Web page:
October’s here, and I would therefore like to invite you all to the sixth edition of our monthly Akira Kurosawa Online Film Club. This month, we will be facing what is probably our most challenging task yet: Red Beard (Akahige).
There is much that could be said about Red Beard — and I hope that much in fact will be said this month — yet I will stick with the basic facts for this introduction. (In case you are new to the Film Club concept, check out the Kurosawa Film Club page.)
The movie, released in 1965 after two years of production, is based on Shūgorō Yamamoto’s novel Akahige shinryotan, while Fyodor Dostoevsky’s work The Insulted and the Injured provides the source for one of the sub-plots. It would perhaps be difficult to overestimate the influence that these two writers had on Kurosawa’s work, not only in Red Beard but throughout the director’s career. While Dostoevsky provided a direct source for just one Kurosawa movie (The Idiot), the influence of his thinking can be felt looming over all of Kurosawa’s work. Yamamoto’s influence was, meanwhile, more direct — six screenplays with Kurosawa’s involvement were based on his work, with Kurosawa himself filming three (Sanjuro, Red Beard and Dodesukaden), while the other three have been filmed by others after Kurosawa’s death (After the Rain, Dora-heita, The Sea is Watching).
Career-wise, Red Beard is also very much an end of an era for Kurosawa. Not only is it Kurosawa’s last black-and-white movie, but it is also the last film that he made during the “golden era” of Japanese film, with the industry already struggling at the time of Read Beard‘s production. After Red Beard, Kurosawa would find it increasingly difficult to find financing for his ambitious movies, and consequently in the remaining 23 years of his life, he would direct only seven movies, compared to the twenty three that he had completed in the first 23 years of his career. (In fact, if you consider Kurosawa’s career to have ended with his death in 1998 and started with his first own feature film, Red Beard stands right in the middle of his directorial career: Sanshiro Sugata came out in 1943.)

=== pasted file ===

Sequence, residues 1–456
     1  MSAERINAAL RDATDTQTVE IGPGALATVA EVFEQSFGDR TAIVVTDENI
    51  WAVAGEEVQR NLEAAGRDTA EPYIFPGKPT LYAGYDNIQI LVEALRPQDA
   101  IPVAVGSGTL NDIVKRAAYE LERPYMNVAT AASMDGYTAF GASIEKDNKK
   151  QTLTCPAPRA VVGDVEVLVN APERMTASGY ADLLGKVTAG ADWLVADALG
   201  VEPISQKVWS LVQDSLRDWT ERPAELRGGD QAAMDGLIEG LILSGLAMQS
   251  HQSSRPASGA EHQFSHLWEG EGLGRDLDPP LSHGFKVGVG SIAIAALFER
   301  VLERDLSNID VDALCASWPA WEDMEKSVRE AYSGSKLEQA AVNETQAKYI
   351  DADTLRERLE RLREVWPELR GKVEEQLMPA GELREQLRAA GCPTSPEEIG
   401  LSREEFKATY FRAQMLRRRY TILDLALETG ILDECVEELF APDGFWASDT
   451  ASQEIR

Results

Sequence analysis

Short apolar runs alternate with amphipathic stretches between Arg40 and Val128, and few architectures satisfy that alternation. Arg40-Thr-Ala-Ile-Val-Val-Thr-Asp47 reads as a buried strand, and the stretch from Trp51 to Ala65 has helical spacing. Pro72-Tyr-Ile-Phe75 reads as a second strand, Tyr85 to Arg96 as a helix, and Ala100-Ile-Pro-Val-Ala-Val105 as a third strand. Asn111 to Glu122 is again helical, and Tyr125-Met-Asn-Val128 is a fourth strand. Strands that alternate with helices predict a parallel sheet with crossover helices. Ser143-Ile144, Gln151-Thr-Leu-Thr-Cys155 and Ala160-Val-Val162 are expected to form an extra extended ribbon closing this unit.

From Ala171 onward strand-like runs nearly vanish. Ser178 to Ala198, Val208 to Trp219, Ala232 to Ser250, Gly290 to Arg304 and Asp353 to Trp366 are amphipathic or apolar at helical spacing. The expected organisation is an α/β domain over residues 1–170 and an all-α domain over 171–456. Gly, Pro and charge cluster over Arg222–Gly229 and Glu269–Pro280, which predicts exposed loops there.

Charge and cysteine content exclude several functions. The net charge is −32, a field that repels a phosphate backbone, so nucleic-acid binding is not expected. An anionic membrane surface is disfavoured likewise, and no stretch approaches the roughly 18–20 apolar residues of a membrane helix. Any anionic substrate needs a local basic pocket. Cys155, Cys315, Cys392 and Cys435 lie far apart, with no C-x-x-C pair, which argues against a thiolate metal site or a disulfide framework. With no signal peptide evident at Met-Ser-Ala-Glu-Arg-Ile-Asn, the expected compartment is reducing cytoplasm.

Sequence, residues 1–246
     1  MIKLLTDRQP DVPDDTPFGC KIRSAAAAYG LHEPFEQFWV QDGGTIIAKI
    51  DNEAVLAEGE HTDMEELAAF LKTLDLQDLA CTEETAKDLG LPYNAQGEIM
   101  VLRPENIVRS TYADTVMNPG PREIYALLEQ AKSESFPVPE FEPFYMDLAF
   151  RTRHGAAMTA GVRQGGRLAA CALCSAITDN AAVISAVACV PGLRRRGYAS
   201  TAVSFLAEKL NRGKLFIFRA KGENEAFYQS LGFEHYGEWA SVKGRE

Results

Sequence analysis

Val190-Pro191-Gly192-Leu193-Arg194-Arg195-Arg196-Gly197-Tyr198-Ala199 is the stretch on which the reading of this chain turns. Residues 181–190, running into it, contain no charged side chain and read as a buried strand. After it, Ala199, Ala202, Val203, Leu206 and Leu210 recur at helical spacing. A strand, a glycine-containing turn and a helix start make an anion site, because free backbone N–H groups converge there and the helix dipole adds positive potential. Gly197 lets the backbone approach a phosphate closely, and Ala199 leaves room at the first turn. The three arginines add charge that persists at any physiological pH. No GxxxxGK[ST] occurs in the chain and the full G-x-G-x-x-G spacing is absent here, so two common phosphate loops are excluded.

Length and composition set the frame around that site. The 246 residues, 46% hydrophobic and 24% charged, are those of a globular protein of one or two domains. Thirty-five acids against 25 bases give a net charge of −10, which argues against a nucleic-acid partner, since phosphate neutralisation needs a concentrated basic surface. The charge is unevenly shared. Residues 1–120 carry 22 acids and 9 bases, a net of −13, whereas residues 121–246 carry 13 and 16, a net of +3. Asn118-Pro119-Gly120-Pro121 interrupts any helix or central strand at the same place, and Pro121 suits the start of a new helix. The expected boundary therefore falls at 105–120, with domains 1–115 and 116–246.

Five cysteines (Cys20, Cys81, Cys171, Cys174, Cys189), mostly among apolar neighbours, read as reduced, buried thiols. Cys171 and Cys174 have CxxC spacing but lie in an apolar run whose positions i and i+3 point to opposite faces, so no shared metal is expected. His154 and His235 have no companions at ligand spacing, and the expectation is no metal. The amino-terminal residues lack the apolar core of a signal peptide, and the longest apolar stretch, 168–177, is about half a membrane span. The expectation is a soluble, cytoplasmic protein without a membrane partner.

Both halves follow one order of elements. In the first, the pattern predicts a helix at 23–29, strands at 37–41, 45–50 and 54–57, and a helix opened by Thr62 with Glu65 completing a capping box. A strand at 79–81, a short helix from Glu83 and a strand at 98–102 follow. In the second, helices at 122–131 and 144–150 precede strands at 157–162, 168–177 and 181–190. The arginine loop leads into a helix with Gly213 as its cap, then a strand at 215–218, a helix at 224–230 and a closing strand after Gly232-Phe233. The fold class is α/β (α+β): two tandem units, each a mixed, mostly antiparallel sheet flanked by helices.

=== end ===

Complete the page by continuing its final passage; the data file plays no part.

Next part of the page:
Red Beard was also famously the last film where Kurosawa used Toshirō Mifune, his leading man of almost twenty years. While many possible explanations have been given as for why Kurosawa and Mifune never worked together after Red Beard, with the stress that the film’s lengthy production time put on their relationship often suggested, the issue nevertheless still remains something of a mystery.
At the time of its release, Red Beard was a huge commercial hit in Japan, and Japanese critics hailed the movie as Kurosawa’s magnum opus. According to Galbraith, the reception in the west, particularly the US, was very different. It was not only a tough sell for Toho, but the majority of American critics found the movie too slow and empty of content.
Today, Red Beard in the west is still often left unnoticed under the towering shadow of Kurosawa’s earlier masterpieces and his late epics. In Japan, meanwhile, it continues to be among his most celebrated works, and in fact most people that I have talked to in Japan seem to consider it their favourite.
Let us know your take!
2 October 2008
What I find most interesting, is the side effects of a director that has so mastered his art, that no flaws exist in his work. Red Beard’s perfection, and surgical precision, comes at a great cost; a film so sterile it lacks the warm blood that carries the epinephrine that gives off the thrill of watching a Kurosawa.
Still, one of my favorites.